L’assunto: i libri elettronici non sono sostituti delle loro versioni cartacee. E’ da qui che Cory Doctorow parte per smontare l’apriori che propugna il contrario, e per dimostrare che i guadagni tratti dalle vendite delle copie cartacee sono surclassati da quelli derivanti da foreign rights deals, comic book licenses, speaking engagements, article commissions.
Cory Doctorow scrive di fantascienza e tecnologie, futuro digitale, libertà di espressione. E in questo editoriale pesca nella propria esperienza per mostrare come la pubblicazione gratuita di un libro sul web e la vendita delle sue copie cartacee non siano affatto incompatibili, anzi. Si può dire piuttosto, sfiorando il paradosso, che il megafono della Rete sia un propulsore eccezionale per il mercato editoriale tradizionale (grassetti miei):
I started giving away e-books after I witnessed the early days of the “bookwarez” scene, wherein fans cut the binding off their favorite books, scanned them, ran them through optical character recognition software, and manually proofread them to eliminate the digitization errors. These fans were easily spending 80 hours to rip their favorite books, and they were only ripping their favorite books, books they loved and wanted to share. (The 80-hour figure comes from my own attempt to do this — I’m sure that rippers get faster with practice.)
I thought to myself that 80 hours’ free promotional effort would be a good thing to have at my disposal when my books entered the market. What if I gave my readers clean, canonical electronic editions of my works, saving them the bother of ripping them, and so freed them up to promote my work to their friends?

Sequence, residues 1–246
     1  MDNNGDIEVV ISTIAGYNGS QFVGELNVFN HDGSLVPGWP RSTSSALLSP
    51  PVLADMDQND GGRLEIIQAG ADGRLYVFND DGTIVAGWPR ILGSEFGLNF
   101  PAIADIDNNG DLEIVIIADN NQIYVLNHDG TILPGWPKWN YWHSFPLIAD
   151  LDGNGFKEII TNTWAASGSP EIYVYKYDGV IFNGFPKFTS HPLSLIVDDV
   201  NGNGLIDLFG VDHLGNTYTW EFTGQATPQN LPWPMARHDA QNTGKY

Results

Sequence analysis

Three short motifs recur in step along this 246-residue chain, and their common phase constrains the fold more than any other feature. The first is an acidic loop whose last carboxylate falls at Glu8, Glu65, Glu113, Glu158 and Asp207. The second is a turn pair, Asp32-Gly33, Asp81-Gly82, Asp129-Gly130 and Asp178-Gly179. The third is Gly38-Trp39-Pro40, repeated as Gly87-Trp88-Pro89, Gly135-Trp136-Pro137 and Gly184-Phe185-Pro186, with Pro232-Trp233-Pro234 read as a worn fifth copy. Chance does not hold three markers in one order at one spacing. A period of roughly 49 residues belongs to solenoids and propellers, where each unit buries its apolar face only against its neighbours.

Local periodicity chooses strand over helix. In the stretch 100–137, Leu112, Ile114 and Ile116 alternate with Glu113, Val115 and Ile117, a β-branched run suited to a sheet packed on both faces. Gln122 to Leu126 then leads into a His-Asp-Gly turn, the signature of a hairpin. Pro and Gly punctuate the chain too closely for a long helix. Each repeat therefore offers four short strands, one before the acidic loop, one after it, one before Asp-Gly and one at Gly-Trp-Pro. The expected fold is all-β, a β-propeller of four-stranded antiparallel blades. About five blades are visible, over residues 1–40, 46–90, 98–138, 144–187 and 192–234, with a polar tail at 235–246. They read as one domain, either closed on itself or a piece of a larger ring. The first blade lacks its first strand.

After all, it’s not like there’s any conceivable way to stop people from putting books on scanners if they really want to. Scanners aren’t going to get more expensive or slower. The Internet isn’t going to get harder to use. Better to confront this challenge head on, turn it into an opportunity, than to rail against the future (I’m a science fiction writer — tuning into the future is supposed to be my metier).
E conclude con un peana ai Creative Commons, veri sdoganatori dei libri freakonomici :)
The timing couldn’t have been better. Just as my first novel was being published, a new, high-tech project for promoting sharing of creative works launched: the Creative Commons project (CC). CC offers a set of tools that make it easy to mark works with whatever freedoms the author wants to give away. CC launched in 2003 and today, more than 160,000,000 works have been released under its licenses.